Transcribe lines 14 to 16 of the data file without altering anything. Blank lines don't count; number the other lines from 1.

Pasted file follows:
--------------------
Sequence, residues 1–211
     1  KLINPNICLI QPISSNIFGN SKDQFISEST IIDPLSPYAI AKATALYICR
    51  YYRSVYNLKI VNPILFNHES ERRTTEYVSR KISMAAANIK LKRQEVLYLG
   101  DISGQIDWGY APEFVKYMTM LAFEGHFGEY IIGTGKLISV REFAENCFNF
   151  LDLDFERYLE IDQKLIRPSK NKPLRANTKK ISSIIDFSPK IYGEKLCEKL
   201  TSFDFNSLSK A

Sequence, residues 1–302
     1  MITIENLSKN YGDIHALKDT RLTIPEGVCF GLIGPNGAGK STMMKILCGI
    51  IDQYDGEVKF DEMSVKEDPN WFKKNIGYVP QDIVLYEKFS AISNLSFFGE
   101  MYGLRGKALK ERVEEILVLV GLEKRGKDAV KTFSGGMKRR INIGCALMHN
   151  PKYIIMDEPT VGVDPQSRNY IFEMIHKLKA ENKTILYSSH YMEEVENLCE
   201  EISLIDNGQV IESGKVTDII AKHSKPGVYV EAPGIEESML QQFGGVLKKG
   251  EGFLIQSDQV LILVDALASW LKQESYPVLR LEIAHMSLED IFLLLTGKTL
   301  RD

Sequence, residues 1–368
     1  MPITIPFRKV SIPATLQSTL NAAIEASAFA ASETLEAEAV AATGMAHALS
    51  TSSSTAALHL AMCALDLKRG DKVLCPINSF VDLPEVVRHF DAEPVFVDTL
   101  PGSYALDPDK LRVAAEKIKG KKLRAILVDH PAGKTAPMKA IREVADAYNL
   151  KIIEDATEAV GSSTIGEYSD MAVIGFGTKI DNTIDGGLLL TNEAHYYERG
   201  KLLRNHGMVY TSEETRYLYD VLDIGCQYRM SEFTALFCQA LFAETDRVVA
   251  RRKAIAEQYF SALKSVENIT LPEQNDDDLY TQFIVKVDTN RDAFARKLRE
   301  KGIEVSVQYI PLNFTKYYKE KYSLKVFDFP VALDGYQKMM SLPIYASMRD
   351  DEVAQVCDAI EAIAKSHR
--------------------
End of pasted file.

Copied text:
   301  RD

Sequence, residues 1–368
     1  MPITIPFRKV SIPATLQSTL NAAIEASAFA ASETLEAEAV AATGMAHALS